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‘Prey’ Preview: First Impressions at PlayStation Access Event



Nothing is as it seems – not even the toilet roll.

Last week, the YouTube channel PlayStation Access partnered with the team behind upcoming sci-fi shooter Prey, for an all night movie marathon and an exclusive look at the game’s opening hour. The event featured screenings of movies which heavily inspired the game, from classics such as Aliens and the original Total Recall to more modern influences such as Edge of Tomorrow and Moon. All the movies screened appeared to feature at least one of two things: a questioning of what is real and creatures of the horror-inducing kind. This meant that when sitting down to experience the first hour of Prey, it was hard not to expect the unexpected.

Indeed the opening hour of Prey will likely catch many players off guard as it presents a large twist within its opening 20 minutes or so. It’s therefore very hard to discuss this initial play-through without mentioning this early in-game spoiler. If you’d rather not know what happens before playing the game, then know this – Arkane Studios is well on its way in continuing its fine run of form following on from the Dishonoured series. Prey upholds the studio’s story driven campaign pedigree, with a sci-fi aesthetic that oozes atmosphere, tension, and intrigue. The game presents an environment which begs to be explored as players will want to dig for contextual clues and evidence surrounding the game’s mysterious goings-on.

Proceeding into spoiler territory then; the game opens with players assuming the role of Morgan Yu as he (or she) wakes up in their apartment in the year 2032. Your brother, Alex Yu then calls to inform Morgan of some tests he needs to perform. As far as he knows, it’s just another day at the office (or the laboratory in Morgan’s case). Players are first able to explore the apartment, checking emails and hurling a toilet roll at the TV – it’s all good experimental fun. Once in his Transtar uniform, it’s time to go to work in style; a short helicopter ride serves as the game’s intro credit sequence with the backdrop being a futuristic city skyline.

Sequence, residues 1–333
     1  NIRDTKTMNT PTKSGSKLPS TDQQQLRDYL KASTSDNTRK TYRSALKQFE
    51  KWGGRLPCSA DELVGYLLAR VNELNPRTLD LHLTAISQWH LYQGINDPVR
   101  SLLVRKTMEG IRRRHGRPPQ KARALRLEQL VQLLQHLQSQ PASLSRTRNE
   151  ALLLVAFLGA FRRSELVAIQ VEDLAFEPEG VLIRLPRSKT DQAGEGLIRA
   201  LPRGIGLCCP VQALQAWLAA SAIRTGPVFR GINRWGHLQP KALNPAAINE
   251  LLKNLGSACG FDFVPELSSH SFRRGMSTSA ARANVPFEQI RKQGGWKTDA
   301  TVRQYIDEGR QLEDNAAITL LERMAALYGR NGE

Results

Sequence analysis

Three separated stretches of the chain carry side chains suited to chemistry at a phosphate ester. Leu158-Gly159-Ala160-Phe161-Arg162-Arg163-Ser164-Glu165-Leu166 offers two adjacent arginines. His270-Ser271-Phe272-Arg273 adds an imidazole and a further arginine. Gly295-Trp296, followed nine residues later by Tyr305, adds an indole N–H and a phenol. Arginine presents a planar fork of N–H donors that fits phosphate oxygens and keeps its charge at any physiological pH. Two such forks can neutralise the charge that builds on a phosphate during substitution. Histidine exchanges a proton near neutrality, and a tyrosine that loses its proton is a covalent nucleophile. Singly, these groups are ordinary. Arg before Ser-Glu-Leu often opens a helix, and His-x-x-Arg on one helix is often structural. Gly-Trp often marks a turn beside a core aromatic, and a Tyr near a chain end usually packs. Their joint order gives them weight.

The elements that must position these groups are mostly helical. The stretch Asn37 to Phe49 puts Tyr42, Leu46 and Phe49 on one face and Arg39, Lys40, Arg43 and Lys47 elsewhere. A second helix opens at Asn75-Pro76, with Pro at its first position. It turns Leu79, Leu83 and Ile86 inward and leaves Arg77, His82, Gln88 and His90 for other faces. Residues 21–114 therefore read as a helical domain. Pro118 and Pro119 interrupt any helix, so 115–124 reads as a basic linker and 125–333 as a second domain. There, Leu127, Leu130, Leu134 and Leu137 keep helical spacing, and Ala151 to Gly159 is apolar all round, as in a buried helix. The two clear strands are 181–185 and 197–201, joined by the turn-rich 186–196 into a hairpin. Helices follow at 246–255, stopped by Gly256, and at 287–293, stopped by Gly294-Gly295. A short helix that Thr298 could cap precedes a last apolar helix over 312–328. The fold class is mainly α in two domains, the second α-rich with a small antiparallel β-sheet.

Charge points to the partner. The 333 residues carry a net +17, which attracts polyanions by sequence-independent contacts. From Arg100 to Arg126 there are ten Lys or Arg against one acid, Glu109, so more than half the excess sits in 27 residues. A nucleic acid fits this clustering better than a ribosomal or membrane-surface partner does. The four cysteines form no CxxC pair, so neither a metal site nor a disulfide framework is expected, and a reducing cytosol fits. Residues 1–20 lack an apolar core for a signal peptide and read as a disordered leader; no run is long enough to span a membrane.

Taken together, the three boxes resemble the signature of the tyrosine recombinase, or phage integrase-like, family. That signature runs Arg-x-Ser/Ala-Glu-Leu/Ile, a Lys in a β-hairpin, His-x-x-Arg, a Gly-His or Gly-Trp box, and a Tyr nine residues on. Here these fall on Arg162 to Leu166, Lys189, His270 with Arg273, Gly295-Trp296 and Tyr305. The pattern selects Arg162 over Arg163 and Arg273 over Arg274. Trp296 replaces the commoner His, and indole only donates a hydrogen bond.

Once at the laboratory building, he enters the testing facility where Alex greets him before he proceeds to the four tests run by Dr Sylvain Bellamy. The tests consist of several mundane tasks which see Morgan playing the part of the guinea pig. These involve collecting blocks, hiding behind a chair and answering situational questions. Even when players do everything to the best of their ability, those looking on don’t seem overly pleased with the responses. It’s here that players get a sense that perhaps there could be some other heinous plot going on. Everything appears to be going smoothly until players reach the fourth test where a mimic – a freakishly fast spider like alien, attacks Dr Bellamy.

After falling unconscious, Morgan finds himself back in his bed being woken up by an alarm clock at the same time and on the same day. A quick check of his email reveals duplicate messages from someone called January that read “Danger. Leave Now”. Upon following these explicit instructions, players leave the apartment in the lab suit only to find the same maintenance lady from before is now dead – literally having the life sucked out of her it seems. The hallway layout has also changed meaning that players can no longer access the roof. Realizing this, it seems only logical to exit the apartment via the balcony. But when that’s locked, the last resort is to try and break the glass with a wrench taken from the maintenance lady. This is where Prey throws its major curveball, as it turns out Morgan’s ‘apartment’ isn’t actually real.  The glass breaks to reveal cameras and references to stage areas and actors on the other side.

Indeed, Morgan has been center stage for an elaborate experiment, where his brain is wiped through the resetting of neuromods each and every day. These are modifications made to Morgan’s brain which allow him to learn new skills and abilities.  This has kept Morgan in a Total Recall/Edge of Tomorrow – like loop where he has been reliving the same day for – well, it’s not exactly said how long! That’s right; the whole helicopter intro was nothing more than a glorified theme park ride simulation. The Transtar cooperation has been testing new versions of the neuromods on Morgan and recording his responses, thus explaining the need for the tests.